TEN THINGS Google believes you believe about Glassholes and wishes you didn't
El Reg debunks web kingpin's debunking exercise
Analysis Google Glass wearers, or Explorers as Google likes to call them, have been getting some bad press of late, and the company has been moved to defend the headsets against the rise of rumor and speculation.
"Mr. Rogers was a Navy SEAL. A tooth placed in soda will dissolve in 24 hours. Gators roam the sewers of big cities and Walt Disney is cryogenically frozen. These are just some of the most common and – let's admit it – awesome urban myths out there," the team behind the wearable computer goggles said on its Google+ page today.
"In its relatively short existence, Glass has seen some myths develop around it. While we're flattered by the attention, we thought it might make sense to tackle them, just to clear the air. And besides, everyone loves a good list."
This isn't the first time Google has used this debunking tactic. Five years ago it published a similar myth-busting list for YouTube, pointing out (correctly) that the service wasn't limited to short, low-quality content that advertisers were afraid of.
You can read Google's full Glass myth list here, and we've gone through it to check facts from urban myths on both sides of the equation.
Myth 1: Glass is the ultimate distraction from the real world
A bit of a straw man – we've never seen Glass described this way, but Google makes a reasonable point.
Google says Glass is simply a tool for viewing or capturing small bursts of information as you need it, and isn't designed to be a platform for constant viewing, just as you don’t check out your holiday snaps on the camera screen, but on a laptop or tablet.
With its tiny viewing screen and limited capabilities, Glass isn’t going to be as distracting as a phablet screen, TV or computer game, or even a really good book.
Myth 2: Glass is always on and recording everything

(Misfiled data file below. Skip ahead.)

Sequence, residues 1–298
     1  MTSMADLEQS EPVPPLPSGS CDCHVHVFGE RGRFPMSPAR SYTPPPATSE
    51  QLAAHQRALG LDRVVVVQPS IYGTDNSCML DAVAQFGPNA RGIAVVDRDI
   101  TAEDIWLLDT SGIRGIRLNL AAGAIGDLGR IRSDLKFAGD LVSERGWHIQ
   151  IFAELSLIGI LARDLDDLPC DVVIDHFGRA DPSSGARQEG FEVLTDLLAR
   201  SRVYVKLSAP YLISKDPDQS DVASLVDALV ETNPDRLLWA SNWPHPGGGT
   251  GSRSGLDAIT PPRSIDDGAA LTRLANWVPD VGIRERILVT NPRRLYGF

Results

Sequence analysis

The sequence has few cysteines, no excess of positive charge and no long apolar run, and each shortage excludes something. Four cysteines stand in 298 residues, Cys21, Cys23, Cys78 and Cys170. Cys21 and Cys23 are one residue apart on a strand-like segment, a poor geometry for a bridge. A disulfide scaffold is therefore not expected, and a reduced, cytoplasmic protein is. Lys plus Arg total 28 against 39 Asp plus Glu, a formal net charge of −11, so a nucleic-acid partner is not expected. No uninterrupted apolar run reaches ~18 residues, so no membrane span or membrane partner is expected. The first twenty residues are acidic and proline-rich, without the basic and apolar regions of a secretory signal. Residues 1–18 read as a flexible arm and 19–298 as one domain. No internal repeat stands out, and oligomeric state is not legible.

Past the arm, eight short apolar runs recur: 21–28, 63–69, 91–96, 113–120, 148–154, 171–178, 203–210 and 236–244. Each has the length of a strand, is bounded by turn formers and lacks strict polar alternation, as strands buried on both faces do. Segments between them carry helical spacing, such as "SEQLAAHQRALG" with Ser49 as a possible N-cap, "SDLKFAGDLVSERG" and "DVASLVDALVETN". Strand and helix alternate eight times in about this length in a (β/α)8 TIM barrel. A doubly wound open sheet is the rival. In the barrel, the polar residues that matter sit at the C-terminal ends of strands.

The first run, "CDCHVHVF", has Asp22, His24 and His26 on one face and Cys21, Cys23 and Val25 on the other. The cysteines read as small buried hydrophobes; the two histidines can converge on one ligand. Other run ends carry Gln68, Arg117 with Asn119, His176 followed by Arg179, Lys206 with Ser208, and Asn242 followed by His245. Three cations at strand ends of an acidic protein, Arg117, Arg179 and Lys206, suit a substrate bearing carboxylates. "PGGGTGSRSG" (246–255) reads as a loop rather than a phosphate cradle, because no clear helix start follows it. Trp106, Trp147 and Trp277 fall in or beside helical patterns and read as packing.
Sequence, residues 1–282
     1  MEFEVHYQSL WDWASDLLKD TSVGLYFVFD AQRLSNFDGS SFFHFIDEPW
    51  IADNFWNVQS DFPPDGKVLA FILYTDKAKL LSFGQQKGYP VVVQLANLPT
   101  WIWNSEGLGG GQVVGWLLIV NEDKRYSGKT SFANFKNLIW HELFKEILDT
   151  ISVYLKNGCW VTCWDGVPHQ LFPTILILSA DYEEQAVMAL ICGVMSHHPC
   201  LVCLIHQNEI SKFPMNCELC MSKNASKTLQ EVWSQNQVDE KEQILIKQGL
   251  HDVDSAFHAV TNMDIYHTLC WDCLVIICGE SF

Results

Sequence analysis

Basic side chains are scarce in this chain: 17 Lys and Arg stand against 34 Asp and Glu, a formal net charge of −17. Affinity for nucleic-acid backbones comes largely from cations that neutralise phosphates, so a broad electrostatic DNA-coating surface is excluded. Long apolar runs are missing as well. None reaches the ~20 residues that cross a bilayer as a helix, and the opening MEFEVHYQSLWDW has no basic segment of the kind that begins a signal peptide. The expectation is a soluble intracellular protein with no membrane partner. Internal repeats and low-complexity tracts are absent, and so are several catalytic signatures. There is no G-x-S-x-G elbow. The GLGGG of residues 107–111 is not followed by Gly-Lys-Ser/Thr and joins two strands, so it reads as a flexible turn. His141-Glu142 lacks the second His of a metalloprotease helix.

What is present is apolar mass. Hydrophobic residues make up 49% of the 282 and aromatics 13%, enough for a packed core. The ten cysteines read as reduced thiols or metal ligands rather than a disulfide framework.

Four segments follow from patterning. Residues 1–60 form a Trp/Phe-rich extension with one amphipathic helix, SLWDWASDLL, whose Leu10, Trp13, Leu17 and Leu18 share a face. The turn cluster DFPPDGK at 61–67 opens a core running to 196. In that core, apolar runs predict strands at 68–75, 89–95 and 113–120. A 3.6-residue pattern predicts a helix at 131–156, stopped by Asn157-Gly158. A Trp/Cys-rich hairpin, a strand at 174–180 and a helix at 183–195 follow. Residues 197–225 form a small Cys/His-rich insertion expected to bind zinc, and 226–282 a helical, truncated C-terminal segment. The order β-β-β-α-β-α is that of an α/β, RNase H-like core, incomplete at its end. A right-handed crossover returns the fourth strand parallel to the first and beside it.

Glass can only record video for 45 minutes before depleting the battery, Google says, and is designed to take 10 second bursts of video to record those special moments, although a tweak using the software development kit can change that.
What Google doesn’t mention is that audio recording will take a lot less battery power and Glass could be very useful for recording meetings, and possibly settling arguments later on with conversations recorded on the fly.
The caveat to all that is Glass is also designed to display a light when recording, so the subject knows what's going on, so if you are worried about being recorded keep an eye out for that. Even if a developer does turn off the recording light, they'll still have to activate a recording by voice or touch command.
Myth 3: Glass Explorers are technology-worshipping geeks
Google says Glass users include "parents, firefighters, zookeepers, brewmasters, film students, reporters, and doctors." This is, no doubt, true. But you've got to be a little bit of a geek to want to hang a computer off your ears.
No geeks here, nosireebob
Google has about 10,000 Glass headsets are out there, either purchased, won in competitions, or given away by the company as it tests out vertical markets and seeks publicity opportunities. But the majority of users are US-based technology developers, workers, or enthusiasts who want access to the internet anytime, anyplace, anywhere, any eyeball.
There's nothing wrong with being a geek, anyway – geeks make markets happen. Geeks have been the early adopters that help products cross the chasm into market acceptance for as long as there has been a technology industry. It's barely a couple of decades since using the internet was thought of as a thing only geeks did.
Myth 4: Glass is ready for prime time
Google makes the very good point that this first generation of Glass is a prototype, the equivalent of a 1980s-era mobile phone. The company says the device has had three hardware upgrades and nine major OS updates so far and that there will be more to come.
New hardware is never pretty and usually not small. The first commercial magnetic hard drive, IBM's Model 350 disk storage system, could save a whopping 5MB of data on a unit that weighed a little under a ton. The first mobile phone was a barely usable brick with a battery life measured in minutes.
Try getting that on one of Amazon's drones
Glass isn’t remotely close to a commercial system, it's a test-bed prototype that has the basics in place. It's in about the same place as the Apple Newton was to the original Palm Pilot, and if/when Glass is sold to the public it will be a lot more polished.
Myth 5: Glass does facial recognition (and other dodgy things)
This is not going to happen even if it were possible, Google says. All the applications in the MyGlass store are going to be vetted on privacy grounds and Google has already moved to kick at least one Glass porn developer off its rolls.